David Herbert Lawrence
A Winter's Tale
Yesterday the fields were only grey with scattered snow,
And now the longest grass-leaves hardly emerge;
Yet her deep footsteps mark the snow, and go
On towards the pines at the hills’ white verge.
I cannot see her, since the mist’s white scarf
Obscures the dark wood and the dull orange sky;
But she’s waiting, I know, impatient and cold, half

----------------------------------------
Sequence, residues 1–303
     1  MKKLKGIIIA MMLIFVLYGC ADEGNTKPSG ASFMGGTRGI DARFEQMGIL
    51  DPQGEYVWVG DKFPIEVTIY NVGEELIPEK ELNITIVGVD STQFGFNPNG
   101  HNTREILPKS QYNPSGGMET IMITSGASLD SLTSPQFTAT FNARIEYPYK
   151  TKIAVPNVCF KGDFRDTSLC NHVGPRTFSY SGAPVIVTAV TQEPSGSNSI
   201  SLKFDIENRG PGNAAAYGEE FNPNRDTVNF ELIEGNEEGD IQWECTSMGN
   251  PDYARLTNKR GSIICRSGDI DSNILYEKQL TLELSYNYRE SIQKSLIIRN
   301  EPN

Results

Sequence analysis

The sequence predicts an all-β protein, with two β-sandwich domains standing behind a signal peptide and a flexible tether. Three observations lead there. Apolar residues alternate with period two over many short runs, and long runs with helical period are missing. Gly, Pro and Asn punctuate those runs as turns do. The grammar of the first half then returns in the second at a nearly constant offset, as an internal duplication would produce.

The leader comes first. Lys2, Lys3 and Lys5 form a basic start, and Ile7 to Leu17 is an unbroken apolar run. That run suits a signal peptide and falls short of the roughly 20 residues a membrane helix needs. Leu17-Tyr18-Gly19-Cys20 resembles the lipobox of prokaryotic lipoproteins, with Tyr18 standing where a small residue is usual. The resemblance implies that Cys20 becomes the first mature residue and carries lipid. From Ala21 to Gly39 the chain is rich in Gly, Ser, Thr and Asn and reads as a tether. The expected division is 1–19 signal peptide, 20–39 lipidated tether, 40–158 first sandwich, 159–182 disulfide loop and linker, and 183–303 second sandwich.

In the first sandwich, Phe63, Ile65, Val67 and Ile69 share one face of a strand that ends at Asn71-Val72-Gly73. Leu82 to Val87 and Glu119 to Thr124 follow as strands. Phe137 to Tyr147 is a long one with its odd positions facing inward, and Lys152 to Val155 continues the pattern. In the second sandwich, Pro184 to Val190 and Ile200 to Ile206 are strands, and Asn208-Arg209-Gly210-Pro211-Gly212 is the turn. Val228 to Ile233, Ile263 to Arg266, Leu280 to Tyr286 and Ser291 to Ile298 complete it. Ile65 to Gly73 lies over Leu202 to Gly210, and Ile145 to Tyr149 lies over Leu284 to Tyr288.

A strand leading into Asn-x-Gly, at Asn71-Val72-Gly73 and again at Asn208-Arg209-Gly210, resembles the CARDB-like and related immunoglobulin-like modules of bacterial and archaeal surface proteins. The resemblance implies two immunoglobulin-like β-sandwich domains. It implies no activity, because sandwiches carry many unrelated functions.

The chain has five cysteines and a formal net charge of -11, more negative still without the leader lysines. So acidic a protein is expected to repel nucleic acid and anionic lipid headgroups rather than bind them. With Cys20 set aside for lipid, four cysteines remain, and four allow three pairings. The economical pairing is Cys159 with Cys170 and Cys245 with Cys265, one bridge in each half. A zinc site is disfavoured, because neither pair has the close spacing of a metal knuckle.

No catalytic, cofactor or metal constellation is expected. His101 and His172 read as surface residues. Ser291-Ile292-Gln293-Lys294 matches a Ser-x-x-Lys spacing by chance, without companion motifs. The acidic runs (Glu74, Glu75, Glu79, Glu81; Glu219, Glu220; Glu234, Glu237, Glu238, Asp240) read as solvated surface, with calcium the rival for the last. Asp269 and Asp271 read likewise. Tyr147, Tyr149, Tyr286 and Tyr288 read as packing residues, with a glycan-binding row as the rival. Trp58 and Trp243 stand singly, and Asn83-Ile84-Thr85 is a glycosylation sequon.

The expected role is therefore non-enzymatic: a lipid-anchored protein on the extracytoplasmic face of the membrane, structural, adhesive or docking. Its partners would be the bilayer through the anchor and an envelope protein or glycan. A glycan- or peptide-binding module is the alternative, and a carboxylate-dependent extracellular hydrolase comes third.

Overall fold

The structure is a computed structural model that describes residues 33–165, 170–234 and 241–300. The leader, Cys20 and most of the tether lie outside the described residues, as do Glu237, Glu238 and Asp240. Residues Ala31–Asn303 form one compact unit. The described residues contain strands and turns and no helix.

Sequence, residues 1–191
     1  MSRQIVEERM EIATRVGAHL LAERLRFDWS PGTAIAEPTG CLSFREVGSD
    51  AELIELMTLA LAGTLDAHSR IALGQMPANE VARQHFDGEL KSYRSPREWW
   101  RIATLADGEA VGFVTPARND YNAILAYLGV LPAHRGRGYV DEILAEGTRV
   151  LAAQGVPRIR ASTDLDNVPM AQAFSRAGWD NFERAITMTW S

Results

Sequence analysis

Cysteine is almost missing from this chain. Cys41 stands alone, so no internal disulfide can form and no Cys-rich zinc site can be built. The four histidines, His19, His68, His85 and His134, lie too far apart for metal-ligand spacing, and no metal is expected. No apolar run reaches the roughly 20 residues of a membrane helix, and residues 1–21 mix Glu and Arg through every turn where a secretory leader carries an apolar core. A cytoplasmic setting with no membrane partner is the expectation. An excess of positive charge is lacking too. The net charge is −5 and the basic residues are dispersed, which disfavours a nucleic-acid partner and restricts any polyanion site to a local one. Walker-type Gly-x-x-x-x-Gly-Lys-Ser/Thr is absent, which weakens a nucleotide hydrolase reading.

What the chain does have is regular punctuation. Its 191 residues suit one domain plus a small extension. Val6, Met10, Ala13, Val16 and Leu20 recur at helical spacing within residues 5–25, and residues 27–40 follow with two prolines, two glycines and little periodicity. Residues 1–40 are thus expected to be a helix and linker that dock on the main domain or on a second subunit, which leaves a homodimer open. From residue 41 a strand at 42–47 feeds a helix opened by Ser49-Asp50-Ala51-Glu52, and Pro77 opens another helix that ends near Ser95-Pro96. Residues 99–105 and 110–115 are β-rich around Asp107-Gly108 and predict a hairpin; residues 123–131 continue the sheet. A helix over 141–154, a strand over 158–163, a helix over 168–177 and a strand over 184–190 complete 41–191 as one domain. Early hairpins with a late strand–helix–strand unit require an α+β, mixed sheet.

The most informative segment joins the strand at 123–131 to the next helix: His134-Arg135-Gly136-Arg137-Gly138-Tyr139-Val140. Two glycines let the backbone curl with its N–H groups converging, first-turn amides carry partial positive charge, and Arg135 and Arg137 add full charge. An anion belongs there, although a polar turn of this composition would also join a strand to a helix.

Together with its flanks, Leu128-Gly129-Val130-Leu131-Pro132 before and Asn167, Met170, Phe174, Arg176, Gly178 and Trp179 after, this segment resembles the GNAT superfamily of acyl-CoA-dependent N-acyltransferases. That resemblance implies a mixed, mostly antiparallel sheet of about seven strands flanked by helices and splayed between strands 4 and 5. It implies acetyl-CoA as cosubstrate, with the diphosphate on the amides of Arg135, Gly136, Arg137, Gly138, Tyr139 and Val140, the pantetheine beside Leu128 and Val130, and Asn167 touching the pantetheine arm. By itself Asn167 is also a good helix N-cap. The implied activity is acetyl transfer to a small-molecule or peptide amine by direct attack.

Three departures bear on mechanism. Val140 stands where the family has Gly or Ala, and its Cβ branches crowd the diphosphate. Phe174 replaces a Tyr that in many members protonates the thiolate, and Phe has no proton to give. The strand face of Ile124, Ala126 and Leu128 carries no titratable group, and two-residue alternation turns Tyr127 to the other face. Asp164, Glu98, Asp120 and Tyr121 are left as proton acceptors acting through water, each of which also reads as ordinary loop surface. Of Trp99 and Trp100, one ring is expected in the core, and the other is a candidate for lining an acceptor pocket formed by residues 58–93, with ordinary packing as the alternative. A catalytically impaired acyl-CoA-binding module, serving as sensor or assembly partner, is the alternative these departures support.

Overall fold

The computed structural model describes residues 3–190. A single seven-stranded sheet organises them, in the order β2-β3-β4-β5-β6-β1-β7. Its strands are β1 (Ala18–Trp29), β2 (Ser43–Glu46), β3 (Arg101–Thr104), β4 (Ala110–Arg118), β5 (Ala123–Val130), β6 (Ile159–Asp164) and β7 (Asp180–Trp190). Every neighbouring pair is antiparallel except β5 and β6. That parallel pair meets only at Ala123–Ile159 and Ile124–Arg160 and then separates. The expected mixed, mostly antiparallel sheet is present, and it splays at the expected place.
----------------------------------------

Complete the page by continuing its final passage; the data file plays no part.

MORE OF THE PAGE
Sobs struggling into her frosty sigh.
Why does she come so promptly, when she must know
That she’s only the nearer to the inevitable farewell;
The hill is steep, on the snow my steps are slow— ...
Carry into your room the blossoming boughs of cherry,
Almond and apple and pear diffuse with light, that very
Soon strews itself on the floor; and keep the radiance of spring
Fresh quivering; keep the sunny-swift March-days waiting
In a little throng at your door, and admit the one who is plaiting
Her hair for womanhood, and play awhile with her, then bid her depart.
A come and go of March-day loves